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Safe Driving

Q. Why do we hear about so many teens in the Upstate who are killed in car crashes?
A. “Large numbers of teens all over the United States are being killed in car crashes. Motor vehicle crashes are the leading cause of death for teenagers in America. Certain behaviors, inexperience and immaturity combined with speed, not wearing seat belts, distracted driving, drinking and driving, drug use and driving, etc., contribute to the high numbers. In the upstate, we have many outdated “farm to market” roads (originally designed in the 1930’s and ’40’s to allow farmers in rural areas to bring their goods to town for sale), specifically narrow and winding back roads. These roads were not designed for the volume and speed of traffic as they are being used today. An inexperienced and immature teen on a narrow, winding road is a recipe for disaster.” — Jackie McCall, Safe Communities Coordinator

Q. Is it OK for me to text someone as long as I’m sitting at a red light?
A.“Texting while in the driver’s seat is a prime example of driver distraction. Driver distraction is the #1 cause of motor vehicle crashes. Whether stopped at a red light or cruising the back roads, if you are texting, then you are not giving 100% of your attention to driving, therefore, putting you at risk for a motor vehicle crash.” — Jackie McCall, Safe Communities Coordinator

Q. Is it OK for me to drive with my friends in the car?
A. “In South Carolina, there are passenger restrictions during the intermediate and restricted driving stages. You are not allowed more than 2 passengers younger than 21 (unless transporting students to and from school). However, these passenger restrictions are lifted at 16 years and 6 months of age. It is important that you remember that passengers are also a distraction. When teen drivers transport passengers there is a greatly increased crash risk.” — Jackie McCall, Safe Communities Coordinator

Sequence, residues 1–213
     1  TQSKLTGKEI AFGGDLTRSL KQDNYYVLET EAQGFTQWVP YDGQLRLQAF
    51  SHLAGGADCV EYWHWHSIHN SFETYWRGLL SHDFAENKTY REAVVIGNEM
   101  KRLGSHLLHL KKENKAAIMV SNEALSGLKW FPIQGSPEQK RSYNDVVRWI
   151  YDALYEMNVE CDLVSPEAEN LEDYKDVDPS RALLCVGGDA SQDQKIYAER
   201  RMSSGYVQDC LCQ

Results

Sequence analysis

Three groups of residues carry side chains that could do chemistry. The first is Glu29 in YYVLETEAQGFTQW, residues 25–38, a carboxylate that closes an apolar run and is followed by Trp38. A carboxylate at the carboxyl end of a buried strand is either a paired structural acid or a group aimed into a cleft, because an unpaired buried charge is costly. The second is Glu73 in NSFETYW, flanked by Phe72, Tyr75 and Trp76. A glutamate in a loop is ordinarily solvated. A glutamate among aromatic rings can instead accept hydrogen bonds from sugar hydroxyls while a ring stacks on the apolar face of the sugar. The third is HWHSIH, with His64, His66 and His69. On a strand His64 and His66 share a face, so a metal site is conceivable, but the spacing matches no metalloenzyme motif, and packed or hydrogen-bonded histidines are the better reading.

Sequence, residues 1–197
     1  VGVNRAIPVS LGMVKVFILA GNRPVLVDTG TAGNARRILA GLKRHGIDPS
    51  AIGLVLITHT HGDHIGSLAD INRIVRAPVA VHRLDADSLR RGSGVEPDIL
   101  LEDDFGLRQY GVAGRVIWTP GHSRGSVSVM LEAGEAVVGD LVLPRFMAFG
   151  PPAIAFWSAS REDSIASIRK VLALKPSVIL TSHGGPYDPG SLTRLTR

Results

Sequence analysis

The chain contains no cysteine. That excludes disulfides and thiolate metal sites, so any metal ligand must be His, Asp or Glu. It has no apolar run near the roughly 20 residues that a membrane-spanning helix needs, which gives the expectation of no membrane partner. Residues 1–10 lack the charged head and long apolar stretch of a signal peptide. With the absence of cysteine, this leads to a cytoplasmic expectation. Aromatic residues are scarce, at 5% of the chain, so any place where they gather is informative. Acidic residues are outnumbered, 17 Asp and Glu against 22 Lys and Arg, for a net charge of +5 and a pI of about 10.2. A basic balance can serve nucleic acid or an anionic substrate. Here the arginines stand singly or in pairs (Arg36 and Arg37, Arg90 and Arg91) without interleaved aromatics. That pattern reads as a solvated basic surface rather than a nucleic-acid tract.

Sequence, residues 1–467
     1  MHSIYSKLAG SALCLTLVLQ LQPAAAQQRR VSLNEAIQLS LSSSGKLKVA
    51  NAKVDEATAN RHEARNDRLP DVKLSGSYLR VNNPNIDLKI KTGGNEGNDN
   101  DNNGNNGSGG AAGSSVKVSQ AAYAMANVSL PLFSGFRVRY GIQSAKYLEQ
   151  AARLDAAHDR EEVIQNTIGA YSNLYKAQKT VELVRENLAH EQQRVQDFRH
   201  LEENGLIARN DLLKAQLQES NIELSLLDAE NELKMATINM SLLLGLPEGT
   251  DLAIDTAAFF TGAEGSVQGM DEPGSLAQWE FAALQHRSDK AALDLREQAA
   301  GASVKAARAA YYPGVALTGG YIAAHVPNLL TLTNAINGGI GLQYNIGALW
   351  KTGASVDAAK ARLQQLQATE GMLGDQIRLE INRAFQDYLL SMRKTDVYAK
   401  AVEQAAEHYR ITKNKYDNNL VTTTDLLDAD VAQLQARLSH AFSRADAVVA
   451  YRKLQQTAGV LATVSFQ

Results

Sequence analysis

Q. Is it true it’s safer to be in a SUV or truck rather than a car?
A. “Not necessarily. Crash forces are still primarily based on physics. For example, a larger, heavier vehicle will inflict more damage on a smaller, lighter vehicle. However, in single vehicle crashes because of their higher frame height and center of gravity, trucks and SUV’s are more prone to roll-over. The most effective way to prevent an injury in any vehicle is to wear a safety belt.” — Dwayne Smith, Safe Kids Anderson County

Q. I’ve heard some people say that if they had been wearing their seat belt it would have killed them. Is that true?
A. “Possibly. Not every crash is survivable. However, the seat belt in and of itself is not what would have killed them. Quick lesson: A crumple zone is a zone of the car that absorbs energy upon impact. The purpose of a crumple zone is to increase the amount of time it takes the car to come to a complete stop in comparison to the object that the car hits. Crumple zones yield during a crash, changing energy from the crash, into heat and sound, which in turn reduces the chances that the passengers in the car will be hurt. In a vehicle accident, the safest place to be is inside the vehicle, attached to the vehicle’s seat. Further, you stand a much greater chance of being conscious after the crash if you were wearing your seatbelt. Being conscious allows you a greater chance of exiting the vehicle if you find yourself submerged in water or inhaling smoke from fire.” — Jackie McCall, Safe Communities Coordinator

Q. As long as I sit in the back seat, I don’t need to buckle up, right?
A. “Wrong. South Carolina’s seat belt law requires that every driver and every passenger must wear a fastened seat belt. However, the law does not apply to a driver or passenger who has a note from a physician that he/she is unable to wear a seat belt for physical or medical reasons.” –Jackie McCall, Safe Communities Coordinator